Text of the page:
NO CHORDS BARRED #1 – Unfinished BusinessPosted: September 4, 2012
I first strummed a guitar in 1999. Some friends had one and taught me a few chords. I noodled around with what I learned but I wasn’t very good. Eventually I bought my own guitar and took a few lessons. I had high hopes and made a bit of progress. At the time I practiced a lot but always had trouble with rhythm and I could never complete a whole song. In my mind there would come a day I could take a turn when a guitar was passed around a camp fire. I was in grad school and old enough to know that I was never going to be a rock star (although I day dreamed about it). My goals were modest and realistic. I continued to practice, replaying the parts of songs I could and got better at changing chords but was still far away from that campfire sing along. In 2002 I moved to Korea to teach English and never really picked up the guitar since. If you asked me in 2002 where I’d be by 2012 I’d have told you I could really play. Campfire, strum along and maybe even a few licks that might impress the uninitiated. I enjoyed fooling around and did so long enough to tie the guitar into my self-identity. I felt like I was a guitar player although no one else would have called me one. By 2012 I’d be one though. So now it’s 10 years later and I can’t play the guitar. I tried and failed. It sits in my mind. It is unfinished business.
I teach adult high school. There is a lot of psychological baggage students bring to adult high school. In many of their minds, they too are failures. Of course no one who has come through my classroom door is a failure beyond carrying that label in their heart. The reasons for leaving high school are varied and many and often unavoidable. Still, the stigma of being a high school drop-out rests heavily. They tried and failed. It sits in their minds. It is unfinished business. Adult high school is a place for second chances. It’s a place to reconcile unfinished business.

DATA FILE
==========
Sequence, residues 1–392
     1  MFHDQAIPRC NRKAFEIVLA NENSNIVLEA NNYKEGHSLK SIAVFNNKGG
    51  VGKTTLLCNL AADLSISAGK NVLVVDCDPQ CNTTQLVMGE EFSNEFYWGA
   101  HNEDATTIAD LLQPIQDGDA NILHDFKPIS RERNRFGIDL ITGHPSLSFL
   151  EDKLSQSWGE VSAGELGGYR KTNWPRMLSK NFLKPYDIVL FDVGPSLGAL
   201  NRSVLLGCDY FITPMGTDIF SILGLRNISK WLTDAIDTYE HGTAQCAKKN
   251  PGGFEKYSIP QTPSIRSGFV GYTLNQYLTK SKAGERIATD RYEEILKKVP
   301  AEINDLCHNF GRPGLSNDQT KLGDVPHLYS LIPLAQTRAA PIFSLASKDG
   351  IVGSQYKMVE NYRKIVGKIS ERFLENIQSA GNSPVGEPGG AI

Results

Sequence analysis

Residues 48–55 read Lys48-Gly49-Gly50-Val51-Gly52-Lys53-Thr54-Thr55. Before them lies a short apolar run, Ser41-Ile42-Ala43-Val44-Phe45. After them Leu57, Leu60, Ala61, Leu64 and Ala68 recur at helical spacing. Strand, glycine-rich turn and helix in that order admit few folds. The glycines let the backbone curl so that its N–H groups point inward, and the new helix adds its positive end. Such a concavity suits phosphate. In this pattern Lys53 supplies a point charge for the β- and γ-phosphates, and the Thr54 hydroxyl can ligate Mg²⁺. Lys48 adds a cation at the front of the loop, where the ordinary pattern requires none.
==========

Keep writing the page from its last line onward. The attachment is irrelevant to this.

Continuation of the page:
Unfortunately it is not that easy. Returning to school means turning your life completely upside down. School and school work take up at least a third of your 24 hours. And the worst thing is the original voice in your head that said, “I’m excited, I’m going to do it! I’m ready to learn. I’m proud of my decision!” gets replaced with an extremely seductive, “Things were a lot easier before. I don’t need this. I’m not losing anything by missing class or leaving school.” School is the easiest thing to give up on. No harm, no foul. Money, work, kids and countless other obligations simply get in the way. Too often the tide of life sweeps adult learners back out to sea where the stigma remains and now they’ve failed again.
I tried to learn guitar again about 4 or 5 years ago. My wife gave me 5 lessons for Christmas. I was positive that all I needed was a kick start and I’d be back in it. I was optimistic. I was ready to learn. I was ready to practice. I was ready to call myself a guitar player. However, my job didn’t end. I still had classes to prepare. I still had marking to do. I still had all my responsibilities at home and the 5 lessons came and went. I didn’t practice. I didn’t improve and the guitar returned to gathering dust. It was just easier to give up. I failed again.
In my experience it is never that someone is too dumb to finish high school. Like with my effort to relearn guitar, it is life and its management that get in the way. The real skills required are non-cognitive. I don’t think I’m so talentless that I can never learn to play but I know I need to work on the soft skills like persistence that will get me to the campfire. This project is an analogy to remind myself of some of the things my students deal with in order to balance their lives and fit school in successfully. Obviously it is only a taste of what they will be doing, but like returning to high school, this is also a story of wanting redemption. I start classes tonight (September 4th). I need to plan around them. I need to make time to practice (this is the real time commitment). I need to keep all same the balls in the air while adding another. I need to complete my unfinished business. I want to shake the label of failure. I want redemption.